Almost 9,000 free nursery places for children in England will be funded by a £50-million grant, the Department for Education has announced today.
The move is aimed at delivering on the Government's existing pledge to offer three and four-year-olds in England 30 hours of free care a week from September this year.
Almost 200 nurseries and pre-schools around England will benefit from the funding pot, allowing them to offer thousands of extra places to children by investing in new buildings, upgrading old ones and improving facilities.
As things stand, all three and four-year-olds in England are entitled to 15 hours' free childcare a week for at least 38 weeks a year, regardless of their parents' income or employment status. Free places are already offered by a range of providers including Sure Start children's centres, nurseries, pre-schools and childminders.
In September this entitlement will double to 30 hours a week for many three and four-year-olds – though not all will qualify for this extended entitlement, as income and employment requirements have been introduced for it (see below for more on this).
The 30-hour places are already being offered in eight areas – Hertfordshire, Newham, Northumberland, Portsmouth, Staffordshire, Swindon and Wigan – but will be rolled out to cover the whole of England later this year. Childcare in Scotland, Wales and Northern Ireland isn't changing – see how this works below.
While 15-hour places will continue, many childcare providers who do this are already planning to offer 30-hour places from September, according to the Department for Education. The 9,000 new places generated following today's announcement will be in addition to these anticipated places.
However, early-years groups and experts have queried whether sufficient free places will be available when the changes come in.
For full help on childcare entitlements and schemes for children of all ages, see our Childcare Costs Help guide.
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To claim 30 hours of childcare each week for your three or four-year-old from September 2017, you must:
- Be in work (employed or self-employed)
- Earn the equivalent of at least 16 hours a week paid at national minimum wage (if you're under 25) or national living wage (if you're 25+)
- Earn less than £100,000/year
These requirements are based on the household the child lives in, so if the parents live together they must individually meet this criteria to qualify for 30 hours' childcare – if one or both parents don't, their child would only get the 15 free nursery hours which are available to all.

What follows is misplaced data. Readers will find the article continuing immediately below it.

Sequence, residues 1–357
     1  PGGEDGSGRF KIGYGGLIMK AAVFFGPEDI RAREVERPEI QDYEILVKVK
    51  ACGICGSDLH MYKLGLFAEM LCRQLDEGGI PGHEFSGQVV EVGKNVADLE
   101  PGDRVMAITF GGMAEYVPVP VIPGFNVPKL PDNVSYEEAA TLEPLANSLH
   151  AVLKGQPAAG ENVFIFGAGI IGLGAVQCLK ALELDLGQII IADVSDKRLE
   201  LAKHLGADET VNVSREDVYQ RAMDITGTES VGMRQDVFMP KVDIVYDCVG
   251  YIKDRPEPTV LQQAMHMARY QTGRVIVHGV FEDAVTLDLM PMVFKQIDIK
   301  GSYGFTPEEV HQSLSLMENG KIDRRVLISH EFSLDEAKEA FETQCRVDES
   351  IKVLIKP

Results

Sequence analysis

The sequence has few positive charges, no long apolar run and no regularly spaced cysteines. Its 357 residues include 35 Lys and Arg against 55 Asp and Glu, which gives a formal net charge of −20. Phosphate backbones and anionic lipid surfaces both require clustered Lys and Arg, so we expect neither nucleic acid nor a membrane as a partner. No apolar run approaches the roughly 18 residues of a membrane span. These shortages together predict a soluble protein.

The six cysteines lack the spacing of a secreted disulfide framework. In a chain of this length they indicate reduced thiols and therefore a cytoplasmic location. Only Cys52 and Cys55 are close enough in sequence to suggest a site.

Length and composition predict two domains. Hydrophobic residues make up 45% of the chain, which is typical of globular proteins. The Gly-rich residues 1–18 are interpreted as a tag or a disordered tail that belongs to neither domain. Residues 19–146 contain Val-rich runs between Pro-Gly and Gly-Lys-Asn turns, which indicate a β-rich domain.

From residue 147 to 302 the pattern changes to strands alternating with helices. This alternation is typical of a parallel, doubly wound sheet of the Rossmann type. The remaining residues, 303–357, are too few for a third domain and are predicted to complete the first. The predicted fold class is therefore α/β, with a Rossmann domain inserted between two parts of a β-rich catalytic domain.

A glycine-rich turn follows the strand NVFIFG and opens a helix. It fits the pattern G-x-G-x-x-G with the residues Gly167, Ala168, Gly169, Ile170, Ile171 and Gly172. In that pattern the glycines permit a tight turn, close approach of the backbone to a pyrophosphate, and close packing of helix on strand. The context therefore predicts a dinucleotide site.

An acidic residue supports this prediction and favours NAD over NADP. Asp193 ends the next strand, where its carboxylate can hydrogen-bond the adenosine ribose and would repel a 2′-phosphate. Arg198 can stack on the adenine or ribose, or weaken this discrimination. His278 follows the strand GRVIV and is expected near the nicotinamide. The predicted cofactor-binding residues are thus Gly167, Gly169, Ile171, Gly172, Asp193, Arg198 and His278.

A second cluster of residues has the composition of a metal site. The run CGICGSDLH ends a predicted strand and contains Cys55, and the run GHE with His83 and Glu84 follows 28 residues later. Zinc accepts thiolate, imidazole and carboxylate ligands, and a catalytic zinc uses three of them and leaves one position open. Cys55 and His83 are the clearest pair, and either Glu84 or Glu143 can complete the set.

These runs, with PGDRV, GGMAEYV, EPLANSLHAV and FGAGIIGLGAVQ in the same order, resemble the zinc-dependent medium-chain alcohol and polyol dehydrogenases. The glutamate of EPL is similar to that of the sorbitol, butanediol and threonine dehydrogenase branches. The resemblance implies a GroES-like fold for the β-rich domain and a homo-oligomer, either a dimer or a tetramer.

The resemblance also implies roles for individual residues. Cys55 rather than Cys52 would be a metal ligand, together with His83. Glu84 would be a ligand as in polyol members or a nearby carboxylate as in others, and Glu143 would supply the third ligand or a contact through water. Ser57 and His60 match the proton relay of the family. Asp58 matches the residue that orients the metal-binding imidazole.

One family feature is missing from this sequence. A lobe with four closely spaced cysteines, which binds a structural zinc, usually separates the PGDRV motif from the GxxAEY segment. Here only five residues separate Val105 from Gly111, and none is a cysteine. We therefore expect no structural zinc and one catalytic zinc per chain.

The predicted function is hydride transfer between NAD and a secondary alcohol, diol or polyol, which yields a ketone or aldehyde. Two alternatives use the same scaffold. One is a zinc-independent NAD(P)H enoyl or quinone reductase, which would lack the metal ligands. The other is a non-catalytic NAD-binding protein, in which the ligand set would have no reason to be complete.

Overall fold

If the parents have split up and the child lives with one parent and their new partner, that partner's employment status and income may be taken into account, even though they're not related to the child.
I think I'm eligible – how do I get a place?
Parents in England who want to take advantage of a free place for their three or four-year-old from September are advised to speak to childcare providers in their area to find out which of them are participating in the scheme and register their interest.
The Department for Education told MoneySavingExpert.com that parents would be required to check their own eligibility before actually applying for a place – but the details of how this will work are yet to be finalised and the process isn't up and running yet.
But it's expected that parents who pass the eligibility check will receive a code which they can then give to their nursery of choice to prove they're entitled to the place.
What does the Department for Education say?
Education Secretary Justine Greening says: "We want Britain to be a country that works for everyone, not just the privileged few. That means removing the barriers facing parents who are struggling to balance their jobs with the cost of childcare, and spreading the opportunities available to hard-working families across the country.
"This funding, backed by our record £6 billion investment in childcare per year by 2020, means we can make more free places available to more families across the country, helping us to deliver our childcare offer to thousands more children."
Childcare is a devolved issue so Scotland, Wales and Northern Ireland make their own decisions on it. This is what your three or four-year-old is currently entitled to in:
- Scotland. All three and four-year-olds are entitled to 15.8 hours a week. This is slightly higher than the 15 hours a week currently offered in England.
- Wales. During term time, all three and four-year-olds get 10 hours a week of free childcare.
- Northern Ireland. Three and four-year-olds get two and a half hours of free childcare every day during term time.
See our Childcare Costs Help guide for more details.